The April 2010 issue will be the final issue of Jim Baen's Universe, according to a recent message from editor Eric Flint on their site. This is highly disappointing to me not just because it amounts to the business failure of a professional sf magazine, but also because this one was the big example to which I often pointed as the possible future of short fiction periodicals. People who have read my remarks on this in the past know well that I am convinced that there needs to be a business model for fiction mags where the readers pay something for content. I have based the existence of M-Brane on this conviction.
You are Here: Home > Baen's UNIVERSE closing
Wednesday, August 5, 2009
But, again, the model fails and the tiny sf-reading-world insists on free content. Let's compare Universe to another highly-regarded web-only, no-paper-version zine, Clarkesworld. The former has a paid subscription scheme--and not exactly cheap either. Plus they offered all kinds of ways to give still more money in various tiers of patronage. The latter, on the other hand, is entirely free. So Clarkesworld is much better, right? Because it's free? Well, it depends what you want out of a "magazine." If you were paying money for it, I suspect you'd be happier with Universe because it offers a LOT of content, like you would expect out of "real" magazine. Clarkesworld, while offering top-notch content, has relatively little of it and what is there is stuff that is in compliance with rigid word-count rules. Why would there be word-count limits on a web page? Maybe because they pay an impressively high word rate to writers with no readily apparent source of support for it save for donations. If you are an editor and have to spend four hundred bucks for a story with no one paying one thin dime to read it, then you are not going to be able to buy very many of those stories.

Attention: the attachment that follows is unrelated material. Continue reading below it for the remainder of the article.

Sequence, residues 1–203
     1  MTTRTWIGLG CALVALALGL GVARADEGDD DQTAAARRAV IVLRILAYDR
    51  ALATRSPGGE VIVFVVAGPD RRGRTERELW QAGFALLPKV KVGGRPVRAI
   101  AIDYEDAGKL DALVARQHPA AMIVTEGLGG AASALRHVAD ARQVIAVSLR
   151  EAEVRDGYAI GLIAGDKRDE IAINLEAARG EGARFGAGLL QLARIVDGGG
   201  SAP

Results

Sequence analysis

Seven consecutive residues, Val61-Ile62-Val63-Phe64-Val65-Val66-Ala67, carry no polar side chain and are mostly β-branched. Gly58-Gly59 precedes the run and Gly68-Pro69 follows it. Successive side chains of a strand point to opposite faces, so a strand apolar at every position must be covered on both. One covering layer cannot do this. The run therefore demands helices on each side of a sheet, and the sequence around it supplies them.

I have no idea how the free zines that also pay their writers survive, and it's none of my business. I do know, however, how Universe failed (not because of my great insight but because Flint explains it on their site). It all came down to inadequate reader support in the form of paid subscriptions. It seems very unfair, considering that the "Big Three" print digests which are not necessarily better zines than Universe, continue to somehow survive under the old dead model while the online free-for-all thrives on the other side, but right in the middle there seems to be no way to be viable as both paying and paid-for. I'm sad that Universe will go away next year just because it can't take in enough money. If M-Brane ever goes away, that will probably be the reason for it, too.Related Articles :
Labels: other magazines